Thursday, February 11, 2021

Don't Do This with Poetry

 2021 marks 15 years since I started attending readings, open mics, and submitting poems for
publishing. Round numbers and fives put me in a nostalgic, reflective mood, because I'm human, and we're told that tens and fives have significance over years that end in 3 or 8, for whatever reason.

When I was much greener, I made some faux pas, some breaches of decorum, some hubristic failures of etiquette. It's a little lot embarrassing to admit.

I was in that place where I was still pretty new to the scene, had received some encouraging, positive feedback at readings, but very few publishing acceptances.

I was submitting, but submitting without direction. And one day, a rejection caught me in just the right wrong mood, and I committed what I now know to be one of the cardinal sins of submitting.

I replied to a rejection email.

The other day, I actually dove back through my old emails in an attempt to locate the event in question, but I'm a little relieved that I couldn't find it.

I no longer remember the press or the editor, and I hope whoever they were can say the same about me.

What I do remember about the message I wrote went something like this:

Why don't you like my poem? No one wants to print my poems! Don't you feel bad for me? I'm doing everything right! So why not? WHY?? Why don't you like me? WAAA-HIIIII-YYYYY??!!

I know, I know...

To the credit of the editor, I remember that he or she actually responded with a very polite sort of, "This poem just didn't fit in this issue."

I learned two things from that experience. While I didn't necessarily articulate these lessons to myself in so many words, I definitely intuited them.

Moral #1: Respect the editor (or the judge, the organizer, the emcee). Badgering editors with an argument about your brilliance (or pitifulness) isn't going to change their minds. Complain to your friends, commiserate with other artists, but leave the editors alone. Rejection is part of the territory. If you don't like it, as my husband would say, "Write better poems."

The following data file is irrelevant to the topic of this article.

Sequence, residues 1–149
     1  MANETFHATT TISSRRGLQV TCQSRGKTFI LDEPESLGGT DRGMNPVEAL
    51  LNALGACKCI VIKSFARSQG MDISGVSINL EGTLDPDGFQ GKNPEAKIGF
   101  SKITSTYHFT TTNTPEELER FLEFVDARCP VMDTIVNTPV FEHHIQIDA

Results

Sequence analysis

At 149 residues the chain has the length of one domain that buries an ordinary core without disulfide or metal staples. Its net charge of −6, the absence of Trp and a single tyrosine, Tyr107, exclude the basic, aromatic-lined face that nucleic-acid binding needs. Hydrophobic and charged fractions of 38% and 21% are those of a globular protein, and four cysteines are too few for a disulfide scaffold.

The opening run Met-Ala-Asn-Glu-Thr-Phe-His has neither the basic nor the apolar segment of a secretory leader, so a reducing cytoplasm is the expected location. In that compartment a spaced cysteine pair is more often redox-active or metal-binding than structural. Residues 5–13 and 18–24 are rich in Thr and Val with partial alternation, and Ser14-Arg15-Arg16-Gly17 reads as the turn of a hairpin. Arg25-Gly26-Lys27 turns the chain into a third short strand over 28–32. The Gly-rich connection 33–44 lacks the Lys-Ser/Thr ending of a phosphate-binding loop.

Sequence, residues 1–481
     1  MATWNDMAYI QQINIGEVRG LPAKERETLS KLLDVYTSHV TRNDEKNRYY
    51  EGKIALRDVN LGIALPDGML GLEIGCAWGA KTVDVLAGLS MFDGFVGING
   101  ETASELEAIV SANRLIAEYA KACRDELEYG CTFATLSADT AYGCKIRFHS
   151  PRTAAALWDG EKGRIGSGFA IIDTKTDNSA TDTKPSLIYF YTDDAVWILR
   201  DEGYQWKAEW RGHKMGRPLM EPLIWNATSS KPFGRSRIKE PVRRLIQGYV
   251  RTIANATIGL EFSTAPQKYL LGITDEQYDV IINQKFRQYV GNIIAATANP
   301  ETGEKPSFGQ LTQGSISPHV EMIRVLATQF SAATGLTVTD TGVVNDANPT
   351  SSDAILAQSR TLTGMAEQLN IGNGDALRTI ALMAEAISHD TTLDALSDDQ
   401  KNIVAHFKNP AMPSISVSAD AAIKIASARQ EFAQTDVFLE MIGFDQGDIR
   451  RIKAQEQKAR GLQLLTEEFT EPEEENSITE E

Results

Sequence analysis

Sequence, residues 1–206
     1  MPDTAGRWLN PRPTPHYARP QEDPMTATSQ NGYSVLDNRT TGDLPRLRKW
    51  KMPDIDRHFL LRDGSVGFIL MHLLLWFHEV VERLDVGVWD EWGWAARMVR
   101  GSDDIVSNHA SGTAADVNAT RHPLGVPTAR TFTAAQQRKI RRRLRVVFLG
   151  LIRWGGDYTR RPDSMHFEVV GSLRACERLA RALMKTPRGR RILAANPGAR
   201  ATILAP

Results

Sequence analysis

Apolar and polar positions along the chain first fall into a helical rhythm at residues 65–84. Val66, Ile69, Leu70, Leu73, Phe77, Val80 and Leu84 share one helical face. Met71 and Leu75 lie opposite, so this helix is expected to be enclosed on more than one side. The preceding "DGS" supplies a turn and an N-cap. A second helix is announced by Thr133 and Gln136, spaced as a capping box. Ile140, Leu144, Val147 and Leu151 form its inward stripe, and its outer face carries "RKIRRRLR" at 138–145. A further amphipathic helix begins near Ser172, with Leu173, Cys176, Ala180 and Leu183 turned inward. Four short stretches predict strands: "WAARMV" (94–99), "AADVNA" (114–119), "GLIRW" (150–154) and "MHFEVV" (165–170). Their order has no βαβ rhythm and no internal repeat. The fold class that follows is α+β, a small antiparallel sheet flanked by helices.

Moral #2: Ask the right questions.

Or rather, ask the questions that place the responsibility on the correct person.

My Lament of the Rejected was a way of blaming the editor (they just don't like me, that's why I got rejected) instead of me (what did I do wrong here and what can I do better?). And sometimes a writer does nothing wrong other than putting a poem in the wrong place at the wrong time. Not every poem will be accepted. No publication is obligated to accept me.

When I say ask the right questions, the questions need to be less like, "Why won't people buy my books?" and more like, "Where do I need to go to find my audience?"

Less like, "Why didn't this publication want my poem?" and more like, "Where do I find publications printing poems like mine?"

And the worst part of Moral #2 is that it's a whole heckuva lot more work than pouting. I'm still learning. I still do my fair share of pouting. Maybe that will come in year 16...

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